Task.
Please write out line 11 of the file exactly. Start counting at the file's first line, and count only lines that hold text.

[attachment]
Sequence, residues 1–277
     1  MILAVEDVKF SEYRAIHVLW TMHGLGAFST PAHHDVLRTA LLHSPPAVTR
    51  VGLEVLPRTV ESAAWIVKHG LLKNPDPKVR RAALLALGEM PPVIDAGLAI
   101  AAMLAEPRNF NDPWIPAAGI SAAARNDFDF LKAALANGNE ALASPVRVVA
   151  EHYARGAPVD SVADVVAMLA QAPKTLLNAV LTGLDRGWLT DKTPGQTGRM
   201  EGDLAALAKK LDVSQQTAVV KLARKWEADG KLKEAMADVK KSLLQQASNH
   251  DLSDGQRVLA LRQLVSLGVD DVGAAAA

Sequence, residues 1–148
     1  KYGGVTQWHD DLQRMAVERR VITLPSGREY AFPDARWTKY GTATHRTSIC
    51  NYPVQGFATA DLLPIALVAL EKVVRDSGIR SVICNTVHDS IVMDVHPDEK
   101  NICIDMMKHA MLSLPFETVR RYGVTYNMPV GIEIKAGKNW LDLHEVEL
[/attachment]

   101  NICIDMMKHA MLSLPFETVR RYGVTYNMPV GIEIKAGKNW LDLHEVEL